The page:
Long reads

How are people teams responding to coronavirus? ...Better Food

7 Apr 2020 By Maggie Baska

People Management finds out what employers are doing to tackle the logistical, financial and staff wellbeing implications of the global pandemic

The organisation

Better Food is a Bristol-based independent retailer and cafe, specialising in organic, local and ethically sourced food and products. The stores and cafes can be found in three locations in the city, and the company employs more than 120 people across the sites. 

The impact so far

Daisy Roach, head of HR and payroll, says coronavirus contingency planning started at the end of February. This included planning for the possibility of mass panic buying, which she says was “on the periphery” back then. At the time she thought the outbreak would be a “month or so away”, but almost immediately there was an influx of customers buying products. “It all changed within an hour and completely flipped on its head,” Roach says. “We saw a massive increase in sales, and we took in more in the second week of March than we’ve ever taken in any Christmas.”

At the beginning of the outbreak almost 20 staff were out of action because they were ill, self-isolating or needing to be at home caring for family members, so Roach and her management team all worked on the shop floor to help cover shifts. Roach says communication has been key to keeping each store running smoothly. 

“It’s very difficult to get 100 people across different sites working as efficiently as possible, and we have an online HR system through which all staff communication can go out to their personal email addresses,” Roach says. “We also hold ‘flash’ meetings, a short two to five-minute meeting at the start of shifts to share what’s going on that day or share updates on health and safety.”


In response to the outbreak, Better Food closed its cafes and redeployed staff to work across the rest of the business. Roach says she immediately set to work enlisting temporary staff to fill gaps as many employees were off sick. “We’re quite lucky in our recruitment that we have a great community of customers who want to work for us so we don’t pay to advertise,” Roach explains. “We put something up on our website and in store, and we got a really high response rate straight away.”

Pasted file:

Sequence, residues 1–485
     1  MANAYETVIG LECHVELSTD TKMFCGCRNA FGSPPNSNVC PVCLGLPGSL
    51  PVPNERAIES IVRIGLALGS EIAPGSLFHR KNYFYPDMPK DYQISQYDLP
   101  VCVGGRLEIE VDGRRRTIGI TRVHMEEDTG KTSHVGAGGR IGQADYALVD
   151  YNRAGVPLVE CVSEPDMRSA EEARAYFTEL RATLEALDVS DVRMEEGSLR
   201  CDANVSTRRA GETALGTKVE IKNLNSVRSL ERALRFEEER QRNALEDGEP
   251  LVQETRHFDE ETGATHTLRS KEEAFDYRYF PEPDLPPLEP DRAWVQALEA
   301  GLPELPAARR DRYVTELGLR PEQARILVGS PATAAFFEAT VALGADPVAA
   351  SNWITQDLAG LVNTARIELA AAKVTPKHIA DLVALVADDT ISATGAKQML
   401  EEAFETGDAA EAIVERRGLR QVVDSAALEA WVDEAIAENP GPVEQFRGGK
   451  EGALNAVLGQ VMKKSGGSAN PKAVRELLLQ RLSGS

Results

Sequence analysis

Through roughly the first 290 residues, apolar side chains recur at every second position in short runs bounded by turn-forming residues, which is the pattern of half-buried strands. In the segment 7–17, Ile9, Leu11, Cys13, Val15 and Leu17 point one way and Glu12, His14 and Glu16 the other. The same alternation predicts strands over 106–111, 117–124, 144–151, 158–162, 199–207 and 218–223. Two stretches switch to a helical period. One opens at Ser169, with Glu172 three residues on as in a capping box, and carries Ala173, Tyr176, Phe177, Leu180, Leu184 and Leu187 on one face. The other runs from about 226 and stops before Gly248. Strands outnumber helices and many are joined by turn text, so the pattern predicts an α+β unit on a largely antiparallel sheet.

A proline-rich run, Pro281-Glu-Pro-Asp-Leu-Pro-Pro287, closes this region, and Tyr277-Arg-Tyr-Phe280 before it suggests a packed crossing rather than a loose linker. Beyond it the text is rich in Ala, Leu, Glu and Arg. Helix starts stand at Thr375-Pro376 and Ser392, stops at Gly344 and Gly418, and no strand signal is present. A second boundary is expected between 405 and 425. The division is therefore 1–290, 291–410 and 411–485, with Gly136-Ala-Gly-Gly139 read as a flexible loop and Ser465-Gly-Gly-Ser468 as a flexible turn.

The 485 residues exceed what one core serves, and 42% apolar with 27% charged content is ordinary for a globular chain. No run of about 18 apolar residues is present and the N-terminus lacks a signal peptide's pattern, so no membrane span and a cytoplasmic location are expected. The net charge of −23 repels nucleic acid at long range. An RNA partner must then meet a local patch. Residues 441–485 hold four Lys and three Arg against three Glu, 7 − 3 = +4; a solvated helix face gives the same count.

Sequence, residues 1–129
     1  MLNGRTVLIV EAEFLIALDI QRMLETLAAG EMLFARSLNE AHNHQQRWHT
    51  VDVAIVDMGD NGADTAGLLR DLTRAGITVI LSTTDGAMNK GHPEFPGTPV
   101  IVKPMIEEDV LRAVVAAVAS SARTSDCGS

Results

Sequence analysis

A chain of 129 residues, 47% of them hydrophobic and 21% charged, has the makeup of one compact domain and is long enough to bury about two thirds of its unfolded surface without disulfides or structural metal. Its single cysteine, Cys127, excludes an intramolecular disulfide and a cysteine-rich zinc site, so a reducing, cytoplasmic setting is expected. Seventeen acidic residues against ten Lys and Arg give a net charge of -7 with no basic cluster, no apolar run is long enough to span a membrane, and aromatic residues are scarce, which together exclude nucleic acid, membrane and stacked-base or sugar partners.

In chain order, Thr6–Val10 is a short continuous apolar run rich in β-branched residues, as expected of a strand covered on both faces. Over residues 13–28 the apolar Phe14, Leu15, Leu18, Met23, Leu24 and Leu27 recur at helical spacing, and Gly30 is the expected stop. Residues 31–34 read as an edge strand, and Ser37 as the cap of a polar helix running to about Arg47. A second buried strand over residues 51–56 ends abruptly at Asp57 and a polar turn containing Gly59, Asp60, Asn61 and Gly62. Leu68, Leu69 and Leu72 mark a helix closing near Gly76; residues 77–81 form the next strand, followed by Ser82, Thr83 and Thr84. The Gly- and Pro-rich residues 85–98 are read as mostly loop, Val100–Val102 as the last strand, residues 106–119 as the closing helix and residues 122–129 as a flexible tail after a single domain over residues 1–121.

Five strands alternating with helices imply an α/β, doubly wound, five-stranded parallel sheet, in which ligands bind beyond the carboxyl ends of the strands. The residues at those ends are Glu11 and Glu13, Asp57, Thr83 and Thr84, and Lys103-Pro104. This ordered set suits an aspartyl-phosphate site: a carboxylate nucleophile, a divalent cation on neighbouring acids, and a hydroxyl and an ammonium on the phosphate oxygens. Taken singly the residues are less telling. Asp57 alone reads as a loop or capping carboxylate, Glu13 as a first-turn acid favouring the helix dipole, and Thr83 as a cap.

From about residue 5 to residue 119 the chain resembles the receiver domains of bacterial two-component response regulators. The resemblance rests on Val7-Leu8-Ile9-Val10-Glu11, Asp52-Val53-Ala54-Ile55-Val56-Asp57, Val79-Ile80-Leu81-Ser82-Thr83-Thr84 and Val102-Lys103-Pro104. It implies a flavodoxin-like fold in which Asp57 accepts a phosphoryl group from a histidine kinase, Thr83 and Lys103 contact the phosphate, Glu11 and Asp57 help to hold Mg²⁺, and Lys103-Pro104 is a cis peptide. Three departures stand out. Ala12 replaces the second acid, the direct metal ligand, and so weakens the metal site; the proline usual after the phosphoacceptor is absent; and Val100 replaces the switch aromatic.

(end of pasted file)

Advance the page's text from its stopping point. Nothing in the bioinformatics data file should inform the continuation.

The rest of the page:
She says the company received more than 100 applications in three days. Her team streamlined the interview process to reflect the “criticalness of getting those staff in work in a short amount of time”. Roach says she wrote a new process for group interviews, which the business immediately rolled out: “We put up the applications on Wednesday, invited people to interviews on Saturday and Sunday and inducted them on Monday and Tuesday.” 

In total, Better Food took on 12 temporary staff, half on guaranteed minimum contracts and the other half on zero-hours contracts. 


From the start of the outbreak, the company put the health and safety of staff at the forefront of its planning, Roach says. Any high-risk employees, including those with lung conditions or recovering from cancer, were placed on paid leave. “At one point, we had 38 people self-isolating at one time,” she says. “But it’s a massive thing for us that our staff feel protected and that we are looking after their health and wellbeing.”

Roach says Better Food also changed its company sick pay scheme to accommodate absences caused by the virus – whether physical sickness or mental ill-health worsened by the outbreak. “We removed our initial nine-month waiting period to make sure that everybody would get a minimum of two weeks’ paid sick leave,” Roach says. “We knew everybody was, at some point, going to be out of the office – whether self-isolating, unwell or for other reasons, such as to look after their mental health.”


To further support employees’ mental wellbeing, Roach set about communicating those wellbeing benefits and employee assistance programmes provided through Better Food’s partnership with charity retailTRUST. “Everybody’s anxiety levels are heightened because of the lack of control, and there’s no knowing what’s going to happen because of all the chaos going on around us,” she says. “It’s a perfect recipe for poor mental health.”

Roach also kept in constant communication with all staff who were self-isolating to check-in on their wellbeing; she even came up with creative ways to make sure they felt included. “I put together care packages and was delivering them but, as we got more people going off sick, that became something I couldn’t do anymore because of logistics,” she says.

“I also did a list of my Netflix recommendations because quite a lot of people were out, and the people I spoke to were saying they’d run out of things to watch or didn’t know what to do.”

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